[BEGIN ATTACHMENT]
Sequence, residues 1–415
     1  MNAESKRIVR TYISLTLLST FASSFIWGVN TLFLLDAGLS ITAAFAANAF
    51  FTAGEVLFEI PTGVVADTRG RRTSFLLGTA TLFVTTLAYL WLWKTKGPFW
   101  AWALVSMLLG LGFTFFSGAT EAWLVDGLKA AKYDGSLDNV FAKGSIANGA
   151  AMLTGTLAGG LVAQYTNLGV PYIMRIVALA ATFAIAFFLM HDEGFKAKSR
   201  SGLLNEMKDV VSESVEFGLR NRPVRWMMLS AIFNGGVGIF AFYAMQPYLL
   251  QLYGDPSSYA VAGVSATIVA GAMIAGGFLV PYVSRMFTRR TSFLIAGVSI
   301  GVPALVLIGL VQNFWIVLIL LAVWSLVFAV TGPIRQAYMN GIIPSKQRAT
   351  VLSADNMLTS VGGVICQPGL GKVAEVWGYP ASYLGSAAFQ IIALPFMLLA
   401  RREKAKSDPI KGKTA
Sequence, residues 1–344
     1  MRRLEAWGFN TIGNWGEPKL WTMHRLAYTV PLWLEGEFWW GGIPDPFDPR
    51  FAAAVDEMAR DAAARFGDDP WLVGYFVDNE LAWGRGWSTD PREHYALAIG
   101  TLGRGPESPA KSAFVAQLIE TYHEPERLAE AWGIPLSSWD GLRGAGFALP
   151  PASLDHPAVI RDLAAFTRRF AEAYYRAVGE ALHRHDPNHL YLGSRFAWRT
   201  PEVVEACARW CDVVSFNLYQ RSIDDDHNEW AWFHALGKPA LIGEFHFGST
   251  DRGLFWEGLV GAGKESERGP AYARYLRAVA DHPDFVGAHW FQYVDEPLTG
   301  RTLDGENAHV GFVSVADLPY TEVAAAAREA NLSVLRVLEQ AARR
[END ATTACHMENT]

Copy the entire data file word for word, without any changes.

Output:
Sequence, residues 1–415
     1  MNAESKRIVR TYISLTLLST FASSFIWGVN TLFLLDAGLS ITAAFAANAF
    51  FTAGEVLFEI PTGVVADTRG RRTSFLLGTA TLFVTTLAYL WLWKTKGPFW
   101  AWALVSMLLG LGFTFFSGAT EAWLVDGLKA AKYDGSLDNV FAKGSIANGA
   151  AMLTGTLAGG LVAQYTNLGV PYIMRIVALA ATFAIAFFLM HDEGFKAKSR
   201  SGLLNEMKDV VSESVEFGLR NRPVRWMMLS AIFNGGVGIF AFYAMQPYLL
   251  QLYGDPSSYA VAGVSATIVA GAMIAGGFLV PYVSRMFTRR TSFLIAGVSI
   301  GVPALVLIGL VQNFWIVLIL LAVWSLVFAV TGPIRQAYMN GIIPSKQRAT
   351  VLSADNMLTS VGGVICQPGL GKVAEVWGYP ASYLGSAAFQ IIALPFMLLA
   401  RREKAKSDPI KGKTA
Sequence, residues 1–344
     1  MRRLEAWGFN TIGNWGEPKL WTMHRLAYTV PLWLEGEFWW GGIPDPFDPR
    51  FAAAVDEMAR DAAARFGDDP WLVGYFVDNE LAWGRGWSTD PREHYALAIG
   101  TLGRGPESPA KSAFVAQLIE TYHEPERLAE AWGIPLSSWD GLRGAGFALP
   151  PASLDHPAVI RDLAAFTRRF AEAYYRAVGE ALHRHDPNHL YLGSRFAWRT
   201  PEVVEACARW CDVVSFNLYQ RSIDDDHNEW AWFHALGKPA LIGEFHFGST
   251  DRGLFWEGLV GAGKESERGP AYARYLRAVA DHPDFVGAHW FQYVDEPLTG
   301  RTLDGENAHV GFVSVADLPY TEVAAAAREA NLSVLRVLEQ AARR